Perhaps we feel helpless in the presence of the pain of others. We are not in control. We would do anything we could to make it all okay. But we can’t. We can’t make the pain okay. We can’t explain away suffering, and when we try, we tend to make up reasons for suffering. We end up forcing bad theology on people. A theology of suffering that has to have answers, instead of a fellowship of suffering that simply needs the presence of another. We speak too soon and our words are the salt in an already terrible wound.

_____________________________________________________

So what’s new for 2016?

  • I go to Lebanon and Jordan on January 7th, the same day as Orthodox Nativity. It will be a gift to go to be present with refugees in both of those countries and support those who work with refugees daily.
  • Robynn and Lowell Bliss will be starting a regular blog, so Fridays we will be linking up with that blog. I’m so excited for many of you to begin to hear from both of these gifted writers.
  • I hope to continue to write three times a week, more when something sparks my interest.
  • I have a new book coming! Passages Through Pakistan will be available sometime in 2016. I am excited and terrified about this book. It is a lot more vulnerable than my blog posts and tells more of the Pakistan story. But overall, it is a story of faith.

So thank you – for the myriad of ways you speak into my life. My hope is that I will be worthy of speaking into yours and above all, that I will not waste your time. Love to all of you!

How to Find Joy in 2015 – Especially for the Third Culture Individual

Hunting joy

How to Find Joy in 2015An Amateur Joy Hunter’s Guide for the Restless, for Those Longing for Adventure or for the Third Culture Individual by Robynn. Follow Robynn on Twitter here.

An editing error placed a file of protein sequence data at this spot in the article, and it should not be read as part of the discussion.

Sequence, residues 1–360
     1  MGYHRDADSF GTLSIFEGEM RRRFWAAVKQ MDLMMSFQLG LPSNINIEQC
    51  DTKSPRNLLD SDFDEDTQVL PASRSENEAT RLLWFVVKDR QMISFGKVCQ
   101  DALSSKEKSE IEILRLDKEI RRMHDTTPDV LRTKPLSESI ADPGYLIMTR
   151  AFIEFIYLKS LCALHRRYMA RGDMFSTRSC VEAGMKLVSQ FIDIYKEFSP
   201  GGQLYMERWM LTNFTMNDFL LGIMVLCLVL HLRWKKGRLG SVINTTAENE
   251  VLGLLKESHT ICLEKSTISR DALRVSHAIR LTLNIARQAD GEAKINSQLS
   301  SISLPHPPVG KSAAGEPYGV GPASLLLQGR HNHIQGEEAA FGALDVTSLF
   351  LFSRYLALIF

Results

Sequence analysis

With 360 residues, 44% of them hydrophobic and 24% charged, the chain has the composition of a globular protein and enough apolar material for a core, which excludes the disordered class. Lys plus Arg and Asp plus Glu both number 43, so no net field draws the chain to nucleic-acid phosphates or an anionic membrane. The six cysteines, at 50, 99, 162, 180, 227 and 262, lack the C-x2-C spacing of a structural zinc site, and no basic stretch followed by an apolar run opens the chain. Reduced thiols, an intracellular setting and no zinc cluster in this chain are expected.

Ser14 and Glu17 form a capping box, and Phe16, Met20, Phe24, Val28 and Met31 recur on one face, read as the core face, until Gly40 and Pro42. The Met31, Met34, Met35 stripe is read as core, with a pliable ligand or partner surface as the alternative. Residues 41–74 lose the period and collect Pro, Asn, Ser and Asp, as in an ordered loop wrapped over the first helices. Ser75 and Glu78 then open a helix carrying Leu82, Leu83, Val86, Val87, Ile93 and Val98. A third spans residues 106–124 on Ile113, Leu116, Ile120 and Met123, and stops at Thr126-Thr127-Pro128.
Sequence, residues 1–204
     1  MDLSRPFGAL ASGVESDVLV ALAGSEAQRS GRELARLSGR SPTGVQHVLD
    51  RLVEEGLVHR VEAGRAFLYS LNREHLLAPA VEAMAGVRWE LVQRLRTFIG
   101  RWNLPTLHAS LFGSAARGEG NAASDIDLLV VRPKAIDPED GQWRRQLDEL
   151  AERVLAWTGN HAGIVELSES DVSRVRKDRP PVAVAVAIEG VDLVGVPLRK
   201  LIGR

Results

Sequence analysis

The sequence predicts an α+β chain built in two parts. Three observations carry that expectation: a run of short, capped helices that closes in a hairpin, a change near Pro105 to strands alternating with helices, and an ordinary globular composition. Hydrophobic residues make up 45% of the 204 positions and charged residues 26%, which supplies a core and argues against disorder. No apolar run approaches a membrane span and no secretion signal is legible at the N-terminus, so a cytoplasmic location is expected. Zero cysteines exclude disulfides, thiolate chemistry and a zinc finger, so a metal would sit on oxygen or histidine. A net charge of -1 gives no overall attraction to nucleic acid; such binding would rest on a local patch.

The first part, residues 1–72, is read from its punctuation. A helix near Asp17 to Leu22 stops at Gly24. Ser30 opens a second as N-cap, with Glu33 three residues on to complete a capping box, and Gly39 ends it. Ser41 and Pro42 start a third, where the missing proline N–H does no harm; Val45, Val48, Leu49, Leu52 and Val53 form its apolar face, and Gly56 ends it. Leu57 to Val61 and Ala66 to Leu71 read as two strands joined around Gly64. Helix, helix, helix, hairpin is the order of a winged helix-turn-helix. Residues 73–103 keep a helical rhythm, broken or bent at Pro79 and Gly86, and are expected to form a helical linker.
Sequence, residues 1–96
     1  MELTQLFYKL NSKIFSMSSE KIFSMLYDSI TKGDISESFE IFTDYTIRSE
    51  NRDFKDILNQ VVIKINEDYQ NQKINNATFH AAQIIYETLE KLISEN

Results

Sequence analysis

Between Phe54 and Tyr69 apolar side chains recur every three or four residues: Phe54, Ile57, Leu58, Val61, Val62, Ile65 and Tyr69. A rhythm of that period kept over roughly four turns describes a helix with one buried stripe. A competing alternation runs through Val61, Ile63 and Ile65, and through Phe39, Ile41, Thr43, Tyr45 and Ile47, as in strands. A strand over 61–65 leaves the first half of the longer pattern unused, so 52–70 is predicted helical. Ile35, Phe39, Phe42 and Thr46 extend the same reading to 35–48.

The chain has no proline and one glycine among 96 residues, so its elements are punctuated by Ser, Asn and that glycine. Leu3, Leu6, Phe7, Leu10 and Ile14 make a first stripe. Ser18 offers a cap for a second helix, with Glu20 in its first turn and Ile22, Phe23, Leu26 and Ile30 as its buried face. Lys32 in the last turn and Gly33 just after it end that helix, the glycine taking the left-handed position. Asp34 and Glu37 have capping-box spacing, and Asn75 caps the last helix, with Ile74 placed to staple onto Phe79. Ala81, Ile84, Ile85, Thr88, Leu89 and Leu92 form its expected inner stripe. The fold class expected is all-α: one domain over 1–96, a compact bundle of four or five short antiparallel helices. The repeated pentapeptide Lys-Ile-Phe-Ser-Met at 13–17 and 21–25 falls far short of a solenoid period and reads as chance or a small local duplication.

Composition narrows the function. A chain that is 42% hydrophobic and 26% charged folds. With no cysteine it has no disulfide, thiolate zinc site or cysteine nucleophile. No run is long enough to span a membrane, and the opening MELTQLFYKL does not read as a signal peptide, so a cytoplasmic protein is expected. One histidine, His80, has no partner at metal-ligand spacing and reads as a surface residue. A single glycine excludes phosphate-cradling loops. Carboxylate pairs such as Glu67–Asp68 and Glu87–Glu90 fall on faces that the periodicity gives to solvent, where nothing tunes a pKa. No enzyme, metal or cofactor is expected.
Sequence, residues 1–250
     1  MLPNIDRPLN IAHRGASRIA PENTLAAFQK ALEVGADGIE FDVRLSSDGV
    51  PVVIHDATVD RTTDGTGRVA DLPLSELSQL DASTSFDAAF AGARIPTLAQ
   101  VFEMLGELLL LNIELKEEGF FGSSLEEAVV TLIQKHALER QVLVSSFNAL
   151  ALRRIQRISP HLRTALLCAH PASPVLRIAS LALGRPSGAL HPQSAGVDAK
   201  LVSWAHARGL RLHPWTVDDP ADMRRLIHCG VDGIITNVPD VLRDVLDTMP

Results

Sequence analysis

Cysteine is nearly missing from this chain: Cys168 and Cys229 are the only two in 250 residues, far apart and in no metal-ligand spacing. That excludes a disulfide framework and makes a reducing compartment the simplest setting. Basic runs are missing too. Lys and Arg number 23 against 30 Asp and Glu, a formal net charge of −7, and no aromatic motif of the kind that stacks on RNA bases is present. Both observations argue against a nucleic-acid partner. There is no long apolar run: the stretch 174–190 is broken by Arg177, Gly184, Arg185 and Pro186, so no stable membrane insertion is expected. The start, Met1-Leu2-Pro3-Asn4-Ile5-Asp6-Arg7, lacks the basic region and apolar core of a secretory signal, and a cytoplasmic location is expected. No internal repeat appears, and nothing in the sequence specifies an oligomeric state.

I have to admit that for the first time in my middle-aged life I stood on the threshold of this new year with trepidation and anxiety. I felt nervous. We entered 2014 so naively. That naivety was unfounded and ridiculous. It taunts me now. What might happen in 2015? What plot twists? What challenges? Who might move? Who might die suddenly? What betrayals and emotional terrorists might cross my path? On New Year’s eve I could feel the anxiety well up like bile in the back of my throat.

January and I have never really gotten along. I’m usually tired and a little worn thin by the time the month begins. The grey skies and cold temperatures do little to warm me to her. It’s hard for me to see past the gloomies and the glumsters. It’s hard for me to find joy.

This afternoon I sketched out a plan. I’m going on a hunt for joy. I’m determined to try. Here’s what I’m working with:

  1. Cook “foreign” food. Perhaps it’s a dish you recognize from another place you used to live. Maybe it’s entrée completely strange to you too…but you know someone somewhere calls this comfort food. Try it out! Of course this involves tracking down interesting ingredients from tiny little aisles in odd little shops. You’ll likely meet interesting people who can help you properly pronounce the words on the bottles in front of you! The smells will spark memories (or if all else fails, make memories for the others in your house!). The tastes will stimulate conversation. And along the way you’ll happen upon some joy.
  2. Watch a foreign film—preferably one with subtitles! Make yourself a cup of hot chocolate. Snuggle up in a blanket. Enter into these foreign spaces and let your imagination run wild! Different countries produce different values and those different values are reflected in different styles of cinema. Without the hassle of packing and stress of updating your passport you can suddenly find yourself in a new and wonderful place with friends who speak with a different rhythm and tone. It’s not as dynamic as true travel but it does leave you feeling, for a little bit, that you’ve been somewhere else. (Here’s a place to start: http://www.indiewire.com/article/the-best-foreign-language-films-of-2014-according-to-criticwire-20141022)
  3. Planes, Trains and Automobiles Your Way—Remember a crazy trip you made in a strange place. Phone someone that was with you then: a sibling or a parent or a friend. Recall all the unbelievable details, the missed connections, the armed guards, the cow on the railroad tracks, how you got to the airport five hours before your flight. Remember out loud together. And laugh. Laugh long and laugh hard.